Income (LAU 1 vs NUTS 3) | 0.214 | 0.142 | 0.118 | 0.000 | 0.015 |

In case of testing for the parallel convergence of income and exam results, the equality of ergodic probabilities was rejected for most groups. Therefore, using tests for transition matrices, one can conclude that the convergence patterns of income and exam results were not identical, their convergence was not parallel. However, in case of comparison of convergence patterns for relative exam results in NUTS 3 and LAU 1 regions one cannot reject that each element in the ergodic vector is identical for both regional levels (Table 10).

Table 10

Tests of equality of initial and final standardized distributions for income and exam results based on LAU 1 and NUTS 3 regions

Distribution | Level | Direct transition, 10 years lag | 3-Yearly transitions, 6 years lag | ||||||
---|---|---|---|---|---|---|---|---|---|

KS test | AD test | KS test | AD test | ||||||

Statistic | pvalue | statistic | p value | Statistic | p value | Statistic | p value | ||

initial | LAU 1 | 0.100 | 0.044 | 13.976 | 0.009 | 0.058 | 0.043 | 5.283 | 0.002 |

initial | NUTS 3 | 0.125 | 0.631 | 1.179 | 0.275 | 0.042 | 0.992 | 0.312 | 0.931 |

ergodic | LAU 1 | 0.386 | 0.000 | 62.526 | 0.000 | 0.538 | 0.000 | 413.620 | 0.000 |

ergodic | NUTS 3 | 0.285 | 0.000 | 4.941 | 0.003 | 0.495 | 0.000 | 57.616 | 0.000 |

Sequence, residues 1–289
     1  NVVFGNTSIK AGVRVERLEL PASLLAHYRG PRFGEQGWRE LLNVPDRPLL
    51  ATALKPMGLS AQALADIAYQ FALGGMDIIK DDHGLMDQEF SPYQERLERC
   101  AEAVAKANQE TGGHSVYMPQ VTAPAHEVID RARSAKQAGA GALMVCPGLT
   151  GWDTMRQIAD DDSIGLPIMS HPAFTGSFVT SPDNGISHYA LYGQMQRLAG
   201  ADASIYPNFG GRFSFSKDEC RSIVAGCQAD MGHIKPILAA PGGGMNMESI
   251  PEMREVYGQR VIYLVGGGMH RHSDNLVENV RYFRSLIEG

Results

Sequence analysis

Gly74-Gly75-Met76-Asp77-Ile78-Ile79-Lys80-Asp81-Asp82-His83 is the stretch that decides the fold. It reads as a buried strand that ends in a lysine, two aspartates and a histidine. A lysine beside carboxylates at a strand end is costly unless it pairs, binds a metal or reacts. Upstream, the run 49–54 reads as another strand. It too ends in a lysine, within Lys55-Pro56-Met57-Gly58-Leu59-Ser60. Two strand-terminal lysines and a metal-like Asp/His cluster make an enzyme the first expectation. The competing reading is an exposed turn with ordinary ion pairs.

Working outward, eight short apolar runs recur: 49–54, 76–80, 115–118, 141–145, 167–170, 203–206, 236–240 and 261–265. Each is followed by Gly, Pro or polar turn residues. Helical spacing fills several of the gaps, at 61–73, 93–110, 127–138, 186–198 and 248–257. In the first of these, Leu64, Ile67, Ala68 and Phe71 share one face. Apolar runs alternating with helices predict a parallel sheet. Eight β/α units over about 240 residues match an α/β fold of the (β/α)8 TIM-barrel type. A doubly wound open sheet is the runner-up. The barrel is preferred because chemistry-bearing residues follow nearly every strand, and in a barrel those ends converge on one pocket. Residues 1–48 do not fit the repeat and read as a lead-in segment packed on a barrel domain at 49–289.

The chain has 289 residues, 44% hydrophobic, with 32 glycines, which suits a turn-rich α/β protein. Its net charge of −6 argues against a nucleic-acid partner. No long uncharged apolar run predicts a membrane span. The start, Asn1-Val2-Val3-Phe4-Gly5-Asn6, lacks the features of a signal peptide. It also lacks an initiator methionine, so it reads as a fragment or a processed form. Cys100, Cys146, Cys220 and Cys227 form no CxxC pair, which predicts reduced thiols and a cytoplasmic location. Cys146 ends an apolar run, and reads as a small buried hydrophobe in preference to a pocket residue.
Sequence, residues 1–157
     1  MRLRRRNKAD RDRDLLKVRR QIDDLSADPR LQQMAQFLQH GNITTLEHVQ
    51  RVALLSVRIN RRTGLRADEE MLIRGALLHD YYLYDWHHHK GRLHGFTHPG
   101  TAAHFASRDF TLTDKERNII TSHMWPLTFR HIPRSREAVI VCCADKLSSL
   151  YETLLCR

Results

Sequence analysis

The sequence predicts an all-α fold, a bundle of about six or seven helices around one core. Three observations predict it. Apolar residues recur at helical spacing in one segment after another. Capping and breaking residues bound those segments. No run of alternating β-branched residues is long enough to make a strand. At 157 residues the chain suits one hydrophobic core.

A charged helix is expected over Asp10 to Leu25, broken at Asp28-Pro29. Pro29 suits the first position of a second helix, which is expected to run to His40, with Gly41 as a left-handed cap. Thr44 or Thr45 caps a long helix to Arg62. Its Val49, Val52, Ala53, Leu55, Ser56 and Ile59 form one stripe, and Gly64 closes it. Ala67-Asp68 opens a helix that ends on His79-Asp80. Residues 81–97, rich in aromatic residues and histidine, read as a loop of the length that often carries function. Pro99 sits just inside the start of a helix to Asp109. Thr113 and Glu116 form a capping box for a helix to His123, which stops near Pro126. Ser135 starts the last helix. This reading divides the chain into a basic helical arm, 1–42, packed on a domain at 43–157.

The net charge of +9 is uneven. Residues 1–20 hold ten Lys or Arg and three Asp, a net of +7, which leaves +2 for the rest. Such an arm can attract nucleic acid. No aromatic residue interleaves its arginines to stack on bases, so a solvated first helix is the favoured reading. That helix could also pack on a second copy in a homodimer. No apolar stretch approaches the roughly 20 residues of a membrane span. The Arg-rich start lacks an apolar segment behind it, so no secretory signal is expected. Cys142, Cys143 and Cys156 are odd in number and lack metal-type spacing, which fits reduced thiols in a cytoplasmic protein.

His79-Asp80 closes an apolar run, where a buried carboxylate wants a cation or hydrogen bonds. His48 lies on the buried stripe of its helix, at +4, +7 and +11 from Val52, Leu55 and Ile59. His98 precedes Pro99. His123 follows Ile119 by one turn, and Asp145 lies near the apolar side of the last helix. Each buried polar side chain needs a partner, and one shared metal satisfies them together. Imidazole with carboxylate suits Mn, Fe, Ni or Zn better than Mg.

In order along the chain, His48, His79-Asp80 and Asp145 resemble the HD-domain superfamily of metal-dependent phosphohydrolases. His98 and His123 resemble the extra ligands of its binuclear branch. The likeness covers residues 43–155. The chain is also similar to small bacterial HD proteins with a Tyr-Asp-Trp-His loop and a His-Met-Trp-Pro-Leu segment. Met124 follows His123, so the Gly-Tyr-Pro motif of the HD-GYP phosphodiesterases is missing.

Similarities of convergence patterns were verified also by means of formal tests of equality of density functions. Initial distributions were standardized to obtain their comparability in terms of the mean and standard deviation and the ergodic distributions resulting from the mobility analysis were standardized accordingly. A graphical comparison of empirical cumulative distribution functions (ECDF) for initial and ergodic distributions of is presented in the appendix in Figs. 9 and 10 for LAU 1 and NUTS 3 regions respectively. Initial distributions are quite similar, except for a small deviation in the left tail. Their equality is confirmed for NUTS 3 regions and for LAU 1 regions only by KS test at 1% significance level. In contrast, ergodic ECDFs are clearly different—distribution for income is moved to the right as compared with the distribution for exam results. The formal tests of their equality indicate that they are not identical.